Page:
It is essential to choose a professional framer who is knowledgeable, skillful, and ethical. Ask local museums and conservators for recommendations and ask framers for specifics about the highest quality work they can provide. Insist on the following standards and be prepared to pay for the high quality materials and time-consuming procedures your artwork requires.

Matting and Hinging

Before being framed, works on paper must be safely hinged onto acid-free, lignin-free, archival mat board, either 100% rag or alpha cellulose.

Works on paper should not be in contact with any tape, rubber cement, animal glue, synthetic white glue, or dry-mount tissue.

The work of art should be attached to the back mat by means of hinges or archival photo corners. It should never be attached directly to the back mat; this ensures that in the future the work of art may be removed from the mat without damage. The safest hinges are made of high quality Japanese paper, attached with a cooked paste made from purified starch. Care must be taken to dry the hinges flat so that the artwork is not distorted.


Glazing protects an artwork from abrasion and dirt. Acrylic sheeting, such as Plexiglas, is generally preferred to glass; it is lighter in weight and much less likely to break than glass. However, acrylic should not be used with very powdery charcoal or pastel drawings, as the static charge of the plastic can be strong enough to pull media particles from the drawing, forming a film on the glazing.

Ultraviolet-filtering glazing may be used to protect the work of art from the most damaging wavelengths of light, but deterioration and fading are also caused by visible light, so limiting overall exposure to light is still important.

The window mat should provide an air space between the face of the work of art and the glazing material in the frame. This separation will help to prevent burnishing or mildew on the surface of the art. If, for aesthetic reasons, a window mat is not desired, the framer should devise a “spacer” in the frame to maintain this separation between art and glazing.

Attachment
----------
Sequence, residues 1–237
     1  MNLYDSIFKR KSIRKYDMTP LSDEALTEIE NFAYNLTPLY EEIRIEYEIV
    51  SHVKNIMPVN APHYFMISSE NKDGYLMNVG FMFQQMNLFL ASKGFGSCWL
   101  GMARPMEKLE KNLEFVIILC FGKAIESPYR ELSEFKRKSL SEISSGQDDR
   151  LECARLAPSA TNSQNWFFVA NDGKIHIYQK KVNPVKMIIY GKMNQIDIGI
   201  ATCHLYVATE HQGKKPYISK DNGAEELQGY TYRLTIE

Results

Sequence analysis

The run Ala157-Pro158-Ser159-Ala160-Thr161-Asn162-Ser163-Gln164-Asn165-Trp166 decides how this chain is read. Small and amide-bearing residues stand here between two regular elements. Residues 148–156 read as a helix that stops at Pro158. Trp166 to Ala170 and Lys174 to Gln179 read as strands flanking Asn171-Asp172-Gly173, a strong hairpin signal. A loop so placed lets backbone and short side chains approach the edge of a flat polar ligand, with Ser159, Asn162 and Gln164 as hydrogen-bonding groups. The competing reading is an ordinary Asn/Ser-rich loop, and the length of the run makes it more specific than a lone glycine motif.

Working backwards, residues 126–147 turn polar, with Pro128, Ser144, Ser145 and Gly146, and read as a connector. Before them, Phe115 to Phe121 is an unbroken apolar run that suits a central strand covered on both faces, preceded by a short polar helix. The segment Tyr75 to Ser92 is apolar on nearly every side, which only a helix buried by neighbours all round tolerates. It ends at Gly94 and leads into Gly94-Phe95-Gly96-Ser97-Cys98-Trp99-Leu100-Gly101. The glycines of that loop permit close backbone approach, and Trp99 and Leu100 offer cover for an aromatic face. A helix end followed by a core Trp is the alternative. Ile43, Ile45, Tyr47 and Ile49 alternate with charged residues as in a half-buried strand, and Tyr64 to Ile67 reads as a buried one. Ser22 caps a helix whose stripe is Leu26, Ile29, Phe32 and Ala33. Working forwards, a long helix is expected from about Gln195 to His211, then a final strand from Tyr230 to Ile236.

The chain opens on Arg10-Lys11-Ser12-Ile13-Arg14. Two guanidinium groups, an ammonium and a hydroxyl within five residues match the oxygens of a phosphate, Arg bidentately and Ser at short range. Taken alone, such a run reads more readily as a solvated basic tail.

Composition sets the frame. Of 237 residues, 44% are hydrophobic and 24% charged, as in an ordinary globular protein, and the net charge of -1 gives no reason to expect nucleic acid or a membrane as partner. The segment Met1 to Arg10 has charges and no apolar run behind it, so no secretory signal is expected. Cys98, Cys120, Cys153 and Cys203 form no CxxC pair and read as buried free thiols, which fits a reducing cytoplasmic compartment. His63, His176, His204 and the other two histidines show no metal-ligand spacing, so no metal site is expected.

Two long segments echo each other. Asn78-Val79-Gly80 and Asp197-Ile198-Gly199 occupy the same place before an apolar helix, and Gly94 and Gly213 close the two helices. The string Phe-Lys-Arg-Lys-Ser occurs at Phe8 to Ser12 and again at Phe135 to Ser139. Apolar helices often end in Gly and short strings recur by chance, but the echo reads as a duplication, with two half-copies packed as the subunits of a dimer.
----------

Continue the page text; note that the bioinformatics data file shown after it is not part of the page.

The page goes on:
Hanging Works of Art

When hanging works of art, one should avoid walls that receive direct sunlight or bright daylight. Incandescent (tungsten) light is much less damaging than fluorescent light or daylight, because it has a much lower component of ultraviolet radiation. Further measures that may be taken to reduce total light exposure are to keep blinds drawn and lights turned off whenever the room is unoccupied. For extremely light-sensitive works, individual frames may be covered when they are not being viewed

Never hang works of art above radiators or in other spots with localized heating. Especially avoid walls above fireplaces and stoves, where smoke will cause additional damage.

Likewise, never hang artwork on a damp wall. Humidity above 65% can promote mold growth. The consistent use of air-conditioners or dehumidifiers will reduce this risk. Extra layers of matboard the back of the frame will help to buffer the environment inside the frame from short-term extremes of relative humidity.